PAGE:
An implementation of finite functions as arrays. All yarrow datastructures are ultimately built from finite functions. For an overview, see Wilson and Zanasi [WZ23], Section 2.2.2.

Finite functions can be thought of as a thin wrapper around integer arrays whose elements are within a specified range. Here’s an example of contructing a finite function:

>>> print(FiniteFunction(3, [0, 1, 2, 0]))
[0 1 2 0] : 4 → 3

Mathematically, this represents a function from the set of 4 elements to the set of 3 elements, and so its “type” is 4 3.

There are several constructors for finite functions corresponding to useful morphisms in category theory. For example, the identity map is like numpy’s arange:

>>> print(FiniteFunction.identity(5))
[0 1 2 3 4] : 5 → 5

and the terminal map is an array of zeroes:

>>> print(FiniteFunction.terminal(5))
[0 0 0 0 0] : 5 → 1

Finite functions form a symmetric monoidal category. They can be composed sequentially:

>>> print(FiniteFunction.identity(5) >> FiniteFunction.terminal(5))
[0 0 0 0 0] : 5 → 5

And in parallel:

>>> FiniteFunction.identity(5) @ FiniteFunction.terminal(5)
FiniteFunction(6, [0 1 2 3 4 5 5 5 5 5])
class yarrow.finite_function.AbstractFiniteFunction(target, table, dtype='int64')

Finite functions parametrised over the underlying array type (the “backend”). This implementation assumes there is a cls._Array member implementing various primitives. For example, cls._Array.sum() should compute the sum of an array.

property source

The source (aka “domain”) of this finite function

property type

Get the source and target of this finite function.


(f.source, f.target)

Return type:


classmethod identity(n: int)

Return the identity finite function of type n → n. :param n: The object of which to return the identity map :type n: int


Identity map at n

Return type:


compose(g: AbstractFiniteFunction)

Compose this finite function with another


g – A FiniteFunction for which self.target == g.source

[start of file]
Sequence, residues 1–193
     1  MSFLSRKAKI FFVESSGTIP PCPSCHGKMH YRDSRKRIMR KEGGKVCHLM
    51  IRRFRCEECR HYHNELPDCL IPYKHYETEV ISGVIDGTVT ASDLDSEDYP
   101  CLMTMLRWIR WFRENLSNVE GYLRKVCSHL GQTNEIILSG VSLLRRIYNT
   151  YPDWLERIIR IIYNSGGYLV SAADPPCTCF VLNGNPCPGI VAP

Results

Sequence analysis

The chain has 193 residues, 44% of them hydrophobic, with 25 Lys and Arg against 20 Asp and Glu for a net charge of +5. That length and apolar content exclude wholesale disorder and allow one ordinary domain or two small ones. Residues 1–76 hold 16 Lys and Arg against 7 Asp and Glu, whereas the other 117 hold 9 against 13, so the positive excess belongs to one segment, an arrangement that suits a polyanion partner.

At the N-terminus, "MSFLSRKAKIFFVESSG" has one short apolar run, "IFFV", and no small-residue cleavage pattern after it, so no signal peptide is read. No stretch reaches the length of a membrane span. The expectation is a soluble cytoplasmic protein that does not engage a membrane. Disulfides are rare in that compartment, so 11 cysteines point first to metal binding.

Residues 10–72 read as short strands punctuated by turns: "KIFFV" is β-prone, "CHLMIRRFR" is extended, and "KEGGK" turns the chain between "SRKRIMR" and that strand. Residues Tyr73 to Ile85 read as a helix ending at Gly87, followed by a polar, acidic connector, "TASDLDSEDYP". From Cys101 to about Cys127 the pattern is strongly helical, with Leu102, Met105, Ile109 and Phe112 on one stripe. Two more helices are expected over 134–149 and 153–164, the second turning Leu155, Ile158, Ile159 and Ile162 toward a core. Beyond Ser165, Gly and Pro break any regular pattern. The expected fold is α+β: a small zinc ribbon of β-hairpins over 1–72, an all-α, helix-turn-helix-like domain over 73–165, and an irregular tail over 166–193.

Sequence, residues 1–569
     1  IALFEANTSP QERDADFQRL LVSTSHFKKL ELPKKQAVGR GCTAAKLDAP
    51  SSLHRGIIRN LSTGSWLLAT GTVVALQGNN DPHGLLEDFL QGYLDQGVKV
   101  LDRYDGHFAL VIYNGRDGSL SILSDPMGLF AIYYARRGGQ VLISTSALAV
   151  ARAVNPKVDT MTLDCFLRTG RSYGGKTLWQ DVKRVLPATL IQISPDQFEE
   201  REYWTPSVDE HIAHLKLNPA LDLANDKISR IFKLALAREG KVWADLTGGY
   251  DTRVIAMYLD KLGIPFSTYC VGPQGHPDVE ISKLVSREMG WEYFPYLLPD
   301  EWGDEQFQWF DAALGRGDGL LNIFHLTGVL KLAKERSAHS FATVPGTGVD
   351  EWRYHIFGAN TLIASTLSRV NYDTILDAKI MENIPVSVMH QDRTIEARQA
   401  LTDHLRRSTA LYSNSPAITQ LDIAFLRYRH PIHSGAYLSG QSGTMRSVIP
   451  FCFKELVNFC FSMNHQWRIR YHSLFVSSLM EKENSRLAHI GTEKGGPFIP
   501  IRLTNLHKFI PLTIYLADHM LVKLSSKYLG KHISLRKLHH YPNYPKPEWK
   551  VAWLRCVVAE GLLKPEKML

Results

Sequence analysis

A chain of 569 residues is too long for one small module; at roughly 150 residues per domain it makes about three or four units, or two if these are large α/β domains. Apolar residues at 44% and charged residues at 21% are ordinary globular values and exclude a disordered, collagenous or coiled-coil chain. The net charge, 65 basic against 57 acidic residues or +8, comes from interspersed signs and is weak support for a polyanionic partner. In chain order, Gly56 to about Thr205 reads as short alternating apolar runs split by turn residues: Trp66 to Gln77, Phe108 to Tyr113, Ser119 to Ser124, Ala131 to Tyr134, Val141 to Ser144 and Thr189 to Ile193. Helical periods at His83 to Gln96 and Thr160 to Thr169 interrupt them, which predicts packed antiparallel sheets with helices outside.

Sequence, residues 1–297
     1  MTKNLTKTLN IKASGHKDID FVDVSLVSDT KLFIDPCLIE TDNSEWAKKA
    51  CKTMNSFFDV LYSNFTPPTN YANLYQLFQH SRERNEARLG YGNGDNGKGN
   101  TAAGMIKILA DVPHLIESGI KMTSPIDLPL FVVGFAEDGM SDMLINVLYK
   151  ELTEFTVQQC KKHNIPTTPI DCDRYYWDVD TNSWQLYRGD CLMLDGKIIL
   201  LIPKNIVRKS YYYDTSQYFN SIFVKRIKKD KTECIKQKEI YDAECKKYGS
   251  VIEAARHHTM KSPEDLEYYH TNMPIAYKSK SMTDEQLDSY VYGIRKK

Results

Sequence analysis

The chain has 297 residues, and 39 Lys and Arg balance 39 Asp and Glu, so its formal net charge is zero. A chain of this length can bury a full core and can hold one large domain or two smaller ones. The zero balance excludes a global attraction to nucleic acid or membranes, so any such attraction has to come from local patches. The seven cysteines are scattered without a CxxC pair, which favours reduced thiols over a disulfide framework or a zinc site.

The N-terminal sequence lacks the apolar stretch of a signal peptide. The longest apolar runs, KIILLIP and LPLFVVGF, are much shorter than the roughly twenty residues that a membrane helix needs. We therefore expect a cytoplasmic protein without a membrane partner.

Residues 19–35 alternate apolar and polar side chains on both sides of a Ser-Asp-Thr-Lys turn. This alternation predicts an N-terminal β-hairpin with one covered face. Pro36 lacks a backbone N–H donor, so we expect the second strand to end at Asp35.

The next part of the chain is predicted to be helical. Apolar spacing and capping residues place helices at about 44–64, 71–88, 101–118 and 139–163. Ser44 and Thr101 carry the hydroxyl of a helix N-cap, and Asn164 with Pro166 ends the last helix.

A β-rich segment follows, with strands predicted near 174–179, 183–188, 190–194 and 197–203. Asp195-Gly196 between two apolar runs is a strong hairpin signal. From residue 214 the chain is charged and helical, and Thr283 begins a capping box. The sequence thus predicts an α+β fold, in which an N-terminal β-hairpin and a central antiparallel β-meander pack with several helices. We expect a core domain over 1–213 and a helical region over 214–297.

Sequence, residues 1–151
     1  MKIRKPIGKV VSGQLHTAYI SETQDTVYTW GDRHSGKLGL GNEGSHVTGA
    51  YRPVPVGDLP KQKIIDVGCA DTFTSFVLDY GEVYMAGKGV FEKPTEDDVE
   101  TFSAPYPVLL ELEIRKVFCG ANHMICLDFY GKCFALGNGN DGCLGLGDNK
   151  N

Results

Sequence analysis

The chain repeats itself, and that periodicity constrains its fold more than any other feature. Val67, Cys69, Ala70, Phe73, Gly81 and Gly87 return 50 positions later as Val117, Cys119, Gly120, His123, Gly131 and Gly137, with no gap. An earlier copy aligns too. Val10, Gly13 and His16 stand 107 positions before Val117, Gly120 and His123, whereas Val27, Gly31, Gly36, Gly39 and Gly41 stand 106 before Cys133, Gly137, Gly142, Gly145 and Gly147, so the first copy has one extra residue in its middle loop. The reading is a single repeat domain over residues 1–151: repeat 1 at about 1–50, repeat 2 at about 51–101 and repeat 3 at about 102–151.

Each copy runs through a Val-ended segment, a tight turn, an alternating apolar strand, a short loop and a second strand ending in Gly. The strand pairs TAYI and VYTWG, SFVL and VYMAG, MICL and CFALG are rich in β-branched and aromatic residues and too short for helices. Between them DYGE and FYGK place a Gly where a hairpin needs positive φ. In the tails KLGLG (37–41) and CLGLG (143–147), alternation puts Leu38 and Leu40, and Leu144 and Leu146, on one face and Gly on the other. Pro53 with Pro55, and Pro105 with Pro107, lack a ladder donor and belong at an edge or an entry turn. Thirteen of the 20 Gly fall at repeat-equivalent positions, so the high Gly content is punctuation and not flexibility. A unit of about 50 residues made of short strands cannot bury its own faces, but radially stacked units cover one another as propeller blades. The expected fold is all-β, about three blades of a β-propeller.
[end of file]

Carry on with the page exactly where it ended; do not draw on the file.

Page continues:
The composition f ; g.


ValueError – if self.target != g.source

classmethod initial(b, dtype='int64')

Compute the initial map ? : 0 b

classmethod inj0(a, b)

Compute the injection ι₀ : a a + b

classmethod inj1(a, b)

Compute the injection ι₁ : b a + b


Directly compute (f ; ι₀) instead of by composition.

>>> f.inject0(b) == f >> ι₀

Directly compute (f ; ι₁) instead of by composition.

>>> f.inject1(a) == f >> ι₁

Given maps f : A₀ B and g : A₁ B compute the coproduct f.coproduct(g) : A₀ + A₁ B

static unit()

return the unit object of the category


Given maps f : A₀ B₀ and g : A₁ B₁ compute the tensor product f.tensor(g) : A₀ + A₁ B₀ + B₁

classmethod twist(a, b)

Given finite functions f, g : A B, return the coequalizer q    : B Q which is the unique arrow such that f >> q = g >> q having a unique arrow to any other such map.

classmethod terminal(a, dtype='int64')

Compute the terminal map ! : a 1.

classmethod singleton(x, b, dtype='int64')

return the singleton array [x] whose domain is b.


Given a finite function f : A B Return the stable sorting permutation p : A A such that p >> f is monotonic.

classmethod interleave(N: int)
classmethod cointerleave(N)
classmethod coproduct_list(fs: List[AbstractFiniteFunction], target=None)

Compute the coproduct of a list of finite functions. O(n) in size of the result.


Does not speed up to O(log n) in the parallel case.

classmethod tensor_list(fs: List[AbstractFiniteFunction])

Compute the tensor product of a list of finite functions. O(n) in size of the result.


Does not speed up to O(log n) in the parallel case.

injections(a: AbstractFiniteFunction)

Given a finite function s : N K representing the objects of the coproduct Σ_{n N} s(n) whose injections have the type ι_x : s(x) Σ_{n N} s(n), and given a finite map a : A N, compute the coproduct of injections

injections(s, a) : Σ_{x ∈ A} s(x) → Σ_{n ∈ N} s(n)
injections(s, a) = Σ_{x ∈ A} ι_a(x)

So that injections(s, id) == id

Note that when a is a permutation, injections(s, a) is a “blockwise” version of that permutation with block sizes equal to s.

yarrow.finite_function.argsort(f: AbstractFiniteFunction)

Applies a stable ‘argsort’ to the underlying array of a finite function. When that finite function is a permutation, this inverts it.

yarrow.finite_function.bincount(f: AbstractFiniteFunction)

bincount the underlying array of a finite function


f – A finite function of type A B


A finite function of type B A+1

Return type:


yarrow.finite_function.cumsum(f: AbstractFiniteFunction) AbstractFiniteFunction